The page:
Cermaq earned NOK 1.2 billion from its Norway operations last year. The value of the giant salmon has likely exceeded 30 billion, according to analysts.
We have had a very challenging year in many ways, says Knut Elkjeer.
He leads the Norwegian operations of Cermaq, the world’s fourth largest producer of farmed salmon.
The group’s facilities in Nordland and Finnmark increased production by four per cent to a record 73,000 tonnes of salmon last year.
However, sales volumes fell by 11 percent to NOK 4.1 billion, after logistical problems and the closure of restaurants around the world, which severely affected salmon prices at times.
Despite the lower revenue, the company generated a nearly flat operating profit of NOK 1.4 billion, after several successful actions to reduce costs and improve fish health.
– We made it through, and we are of course very happy, in large part due to the wonderful efforts of our staff during a difficult period, says Ellekjær.
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The market is completely gone
In addition to Norway, Cermaq produces salmon in Chile and Canada, and has 3,000 employees.
The company was previously listed on the Oslo Stock Exchange and majority owned by the Norwegian state, but was sold to Japanese industrial giant Mitsubishi for NOK 8.9 billion in 2014. Including interest-bearing debt, which was NOK 2.1 billion at the beginning of 2014, what It is called the company’s value (EV) of 11 billion.
Subsequently, salmon prices rose sharply, so the development of value was an adventure for the Japanese, despite challenges and weak profitability in Chile and Canada, as described by former CEO Jair Molvik in an interview with E24 in early October.
With 61 licenses in Norway, no other OTC breeders have more in this country. This has an implied market value of NOK 18.3 billion based on recent transactions, according to DNB Markets figures.
At the same time, Norway accounted for only 41 percent of the group’s harvest of 176 thousand tons last year. Lower profitability in Chile and Canada makes these companies much less valuable than the Norwegian company, according to analyst Carl-Emil Kjølaas Johannessen at Pareto Securities.
Based on pricing of comparable companies on the stock exchange, the company’s 12.3 billion NOK value is considered “fair” to foreign businesses. This gives a total estimate of $30.6 billion for current Cermaq, nearly three times what Mitsubishi originally paid for.
It was clearly a positive acquisition, says Johansen.
The group presents skewed fiscal years, and the figures for Cermaq in Norway are based on the period from March 31, 2020 to April 1, 2021. The financial figures for the group as a whole remain unclear.
The Norwegian company sells 85 percent of its production to the European market.
– When Europe was closed during the pandemic, the markets associated with restaurants and hotels completely disappeared. At the same time, salmon sales increased in stores, people cooked more food at home, and suddenly we met new target groups, says Ellekjær.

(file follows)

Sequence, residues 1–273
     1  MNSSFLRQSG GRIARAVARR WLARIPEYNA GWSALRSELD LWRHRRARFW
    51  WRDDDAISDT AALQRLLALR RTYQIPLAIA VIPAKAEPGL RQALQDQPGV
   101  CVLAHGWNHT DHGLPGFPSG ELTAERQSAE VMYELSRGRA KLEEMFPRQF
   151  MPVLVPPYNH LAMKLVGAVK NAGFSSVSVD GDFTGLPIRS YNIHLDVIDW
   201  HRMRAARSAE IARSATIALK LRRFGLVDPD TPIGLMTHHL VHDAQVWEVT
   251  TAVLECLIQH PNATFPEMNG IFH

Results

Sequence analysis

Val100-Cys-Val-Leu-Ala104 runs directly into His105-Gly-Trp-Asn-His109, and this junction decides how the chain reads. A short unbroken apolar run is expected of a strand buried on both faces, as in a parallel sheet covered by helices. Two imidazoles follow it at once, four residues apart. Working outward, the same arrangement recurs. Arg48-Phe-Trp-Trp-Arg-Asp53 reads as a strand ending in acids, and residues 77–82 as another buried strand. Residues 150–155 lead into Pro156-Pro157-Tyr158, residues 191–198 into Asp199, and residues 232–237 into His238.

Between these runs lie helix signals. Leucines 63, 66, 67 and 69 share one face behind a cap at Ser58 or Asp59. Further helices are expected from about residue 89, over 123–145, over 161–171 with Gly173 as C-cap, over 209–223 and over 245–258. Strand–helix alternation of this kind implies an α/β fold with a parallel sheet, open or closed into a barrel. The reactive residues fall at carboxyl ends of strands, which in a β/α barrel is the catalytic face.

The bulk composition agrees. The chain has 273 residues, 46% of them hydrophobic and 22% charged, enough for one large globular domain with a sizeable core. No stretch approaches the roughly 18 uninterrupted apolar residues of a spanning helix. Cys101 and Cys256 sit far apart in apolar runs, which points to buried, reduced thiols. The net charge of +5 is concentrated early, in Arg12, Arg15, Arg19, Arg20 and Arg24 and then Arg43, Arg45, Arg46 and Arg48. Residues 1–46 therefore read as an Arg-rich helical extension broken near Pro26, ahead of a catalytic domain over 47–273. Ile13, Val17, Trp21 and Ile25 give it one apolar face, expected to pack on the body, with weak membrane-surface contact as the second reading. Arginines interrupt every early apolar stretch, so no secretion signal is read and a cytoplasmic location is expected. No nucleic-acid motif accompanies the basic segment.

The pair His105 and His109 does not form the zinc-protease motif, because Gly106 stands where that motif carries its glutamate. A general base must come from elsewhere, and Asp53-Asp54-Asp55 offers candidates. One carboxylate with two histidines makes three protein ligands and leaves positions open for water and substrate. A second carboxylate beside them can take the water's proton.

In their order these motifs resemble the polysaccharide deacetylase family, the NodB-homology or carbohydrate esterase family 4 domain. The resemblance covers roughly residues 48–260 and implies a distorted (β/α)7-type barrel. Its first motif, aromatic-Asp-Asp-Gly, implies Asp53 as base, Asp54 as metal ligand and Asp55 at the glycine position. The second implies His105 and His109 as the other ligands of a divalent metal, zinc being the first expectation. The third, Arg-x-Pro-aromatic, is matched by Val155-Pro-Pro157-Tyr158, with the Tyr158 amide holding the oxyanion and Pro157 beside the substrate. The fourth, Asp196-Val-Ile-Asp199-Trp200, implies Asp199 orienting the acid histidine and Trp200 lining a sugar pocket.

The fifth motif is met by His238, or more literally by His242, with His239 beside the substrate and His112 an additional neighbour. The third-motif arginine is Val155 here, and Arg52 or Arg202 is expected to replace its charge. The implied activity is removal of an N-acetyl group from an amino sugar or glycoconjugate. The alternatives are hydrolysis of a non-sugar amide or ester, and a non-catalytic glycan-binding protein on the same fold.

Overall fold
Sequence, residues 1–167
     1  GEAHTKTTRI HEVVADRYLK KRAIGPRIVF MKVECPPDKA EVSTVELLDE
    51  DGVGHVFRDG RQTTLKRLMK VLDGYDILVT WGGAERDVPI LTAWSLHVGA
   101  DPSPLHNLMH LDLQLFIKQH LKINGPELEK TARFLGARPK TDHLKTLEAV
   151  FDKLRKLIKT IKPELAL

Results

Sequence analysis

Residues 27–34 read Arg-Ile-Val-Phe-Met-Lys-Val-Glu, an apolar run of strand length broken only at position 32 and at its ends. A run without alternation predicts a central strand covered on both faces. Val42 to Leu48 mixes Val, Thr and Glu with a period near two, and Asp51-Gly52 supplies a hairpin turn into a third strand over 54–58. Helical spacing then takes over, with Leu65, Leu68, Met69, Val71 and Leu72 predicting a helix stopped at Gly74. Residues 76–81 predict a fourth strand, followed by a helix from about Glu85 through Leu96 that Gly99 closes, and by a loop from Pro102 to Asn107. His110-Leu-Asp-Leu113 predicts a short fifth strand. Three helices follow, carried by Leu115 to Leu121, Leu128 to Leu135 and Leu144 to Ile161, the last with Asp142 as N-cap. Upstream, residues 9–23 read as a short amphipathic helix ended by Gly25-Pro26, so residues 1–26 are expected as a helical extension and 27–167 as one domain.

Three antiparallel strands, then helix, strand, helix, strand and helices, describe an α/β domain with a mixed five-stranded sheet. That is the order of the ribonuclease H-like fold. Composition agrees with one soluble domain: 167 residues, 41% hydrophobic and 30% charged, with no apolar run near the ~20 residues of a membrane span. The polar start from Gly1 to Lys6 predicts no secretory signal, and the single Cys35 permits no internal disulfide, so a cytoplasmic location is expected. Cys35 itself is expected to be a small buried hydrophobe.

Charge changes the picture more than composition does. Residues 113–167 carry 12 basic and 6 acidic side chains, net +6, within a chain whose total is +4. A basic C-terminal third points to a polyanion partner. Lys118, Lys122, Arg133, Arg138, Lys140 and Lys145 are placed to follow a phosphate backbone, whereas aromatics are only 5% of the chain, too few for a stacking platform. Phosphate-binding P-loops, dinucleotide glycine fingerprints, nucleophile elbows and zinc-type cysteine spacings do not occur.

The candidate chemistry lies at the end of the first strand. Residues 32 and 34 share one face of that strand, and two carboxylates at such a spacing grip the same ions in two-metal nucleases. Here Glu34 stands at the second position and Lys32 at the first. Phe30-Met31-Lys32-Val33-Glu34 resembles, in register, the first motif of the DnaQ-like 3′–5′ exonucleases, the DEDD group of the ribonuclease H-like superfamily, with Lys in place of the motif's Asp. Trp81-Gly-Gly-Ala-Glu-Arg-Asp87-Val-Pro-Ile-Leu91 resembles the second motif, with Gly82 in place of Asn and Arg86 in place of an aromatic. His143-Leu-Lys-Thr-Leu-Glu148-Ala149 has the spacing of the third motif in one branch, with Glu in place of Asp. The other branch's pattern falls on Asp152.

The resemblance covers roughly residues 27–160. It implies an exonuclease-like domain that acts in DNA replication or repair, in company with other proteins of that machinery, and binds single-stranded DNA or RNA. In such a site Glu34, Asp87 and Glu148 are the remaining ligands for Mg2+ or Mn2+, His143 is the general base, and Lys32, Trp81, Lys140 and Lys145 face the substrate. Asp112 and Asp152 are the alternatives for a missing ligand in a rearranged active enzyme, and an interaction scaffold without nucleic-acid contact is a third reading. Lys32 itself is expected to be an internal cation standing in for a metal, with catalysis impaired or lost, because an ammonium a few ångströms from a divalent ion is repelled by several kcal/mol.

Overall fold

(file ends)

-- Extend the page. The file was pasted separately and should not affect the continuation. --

Cermaq Norway has developed its own brand which means that all of their salmon are produced north of the Arctic Circle.
We sell this salmon to strategic partners in many markets, and this has helped provide us with stable deliveries in a sometimes challenging market, says Ellekjær.
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The next few months will be exciting
Before Ellekjær joined Cermaq in 2016, he worked for 30 years at brand giant Orkla.
The question that concerns the salmon industry is whether the changes in consumption observed during the pandemic will continue into the future.
In other words, if more people want to pick salmon from the refrigerator than before, while the restaurant market is back to normal.
In this case, it would mean a permanent increase in demand for a product that has already become significantly more expensive in recent years, as a result of production growth that has not been able to keep pace with the steadily increasing demand globally.
– I think the effect will be lasting. Changing people’s buying behavior is not easy, but Corona has forced people to think differently in terms of eating habits. Once you get this mix of both new buying groups and increased shopping pace, says Ellekjær, it will surprise me if this new demand drops quickly again.
The export price of fresh farmed Norwegian salmon was NOK 55.31 per kilo in week 40, up 11 percent from the same period a year earlier, according to Statistics Norway.
On the Fish Pool Exchange, futures contracts for salmon for delivery in the fourth quarter are trading at NOK 60.8, at a price level of over NOK 66 for December delivery.
We look at the market situation positively in the future. Futures prices are showing expectations, and they look much brighter than they have been in a long time. Elkeger says the next few months will be exciting.
In the past five years, Cermaq has increased its production volume in Norway by 35 percent.
– 97 percent of profits have been reinvested in Norwegian Cermaq, nearly six billion kroner over the past six years. We have long-term owners who support our growth ambitions, says Ellekjær.
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